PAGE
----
UNITED STATES DISTRICT COURT EASTERN DISTRICT OF CALIFORNIA
January 14, 2011
GEORGE H. ROBINSON,
D. ADAMS, ET AL., DEFENDANTS.
ORDER DENYING MOTIONS FOR RECONSIDERATION (Docs. 72, 74)
Plaintiff George H. Robinson ("Plaintiff") is a state prisoner proceeding pro se in this civil rights action pursuant to 42 U.S.C. § 1983. Before the Court are two motions for reconsideration from Plaintiff. (Docs. #72, 74.)
Plaintiff requests reconsideration by a district judge of the court order denying Plaintiff's request for leave to amend his complaint. On June 29, 2010, the Court denied Plaintiff's request for an extension of time to file an amended complaint. (Doc. #61.) The deadline for amending the pleadings was June 30, 2010. Plaintiff filed a motion requesting leave to amend on July 9, 2010. The Court's August 23, 2010 order denied Plaintiff's request for leave to amend and Plaintiff's request for reconsideration of the order denying the extension of time. (Doc. #70.)
Motions to reconsider are committed to the discretion of the trial court. Combs v. Nick Garin Trucking, 825 F.2d 437, 441 (D.C. Cir. 1987); Rodgers v. Watt, 722 F.2d 456, 460 (9th Cir. 1983) (en banc). A motion for reconsideration is an "extraordinary remedy, to be used sparingly in the interests of finality and conservation of judicial resources." Kona Enterprises v. Estate of Bishop, 229 F.3d 877, 890 (9th Cir. 2000). To succeed, a party must set forth facts or law of a strongly convincing nature to introduce the Court to reverse its prior decision. See, e.g., Kern-Tulare Water Dist. v. City of Bakersfield, 634 F. Supp. 656, 665 (E.D. Cal. 1986), aff'd in part and rev'd in part on other grounds, 828 F.2d 514 (9th Cir. 1987). When filing a motion for reconsideration, Local Rule 230(j) requires a party to show the "new or different facts or circumstances claimed to exist which did not exist or were not shown upon such prior motion, or what other grounds exist for the motion." The Court reviews a motion to reconsider a Magistrate Judge's ruling under the "clearly erroneous or contrary to law" standard set forth in 28 U.S.C. § 636(b)(1)(A); Federal Rule of Civil Procedure 72(a).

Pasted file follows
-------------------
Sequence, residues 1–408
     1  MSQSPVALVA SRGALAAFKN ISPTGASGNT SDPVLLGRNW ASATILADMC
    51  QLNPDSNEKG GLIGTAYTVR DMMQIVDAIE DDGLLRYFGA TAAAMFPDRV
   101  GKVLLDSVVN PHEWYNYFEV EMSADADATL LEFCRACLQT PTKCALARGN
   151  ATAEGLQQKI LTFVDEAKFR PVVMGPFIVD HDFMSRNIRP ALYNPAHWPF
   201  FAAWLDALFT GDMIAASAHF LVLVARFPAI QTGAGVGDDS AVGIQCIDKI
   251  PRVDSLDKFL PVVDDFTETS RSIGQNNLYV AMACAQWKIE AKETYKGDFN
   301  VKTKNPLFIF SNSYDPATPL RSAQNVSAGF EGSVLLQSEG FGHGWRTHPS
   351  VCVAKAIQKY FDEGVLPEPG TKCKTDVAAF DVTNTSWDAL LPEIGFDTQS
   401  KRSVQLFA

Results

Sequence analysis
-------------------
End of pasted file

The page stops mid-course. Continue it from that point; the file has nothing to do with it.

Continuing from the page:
The Magistrate Judge denied Plaintiff's motion to amend because it was untimely and because the motion failed to set forth sufficient arguments why Plaintiff's attempt to cure the deficiencies identified in the February 11, 2009 screening order came after over a year. Although Plaintiff claims that discovery was delayed because Defendants failed to cooperate with Plaintiff's discovery requests, Plaintiff did not identify any evidence or information obtained during the course of discovery that lead to the discovery of the new or different claims presented in Plaintiff's amended complaint filed on July 9, 2010.
Accordingly, the Court HEREBY ORDERS that Plaintiff's motions for reconsideration are DENIED.
IT IS SO ORDERED.
CHIEF UNITED STATES DISTRICT JUDGE
© 1992-2011 VersusLaw Inc.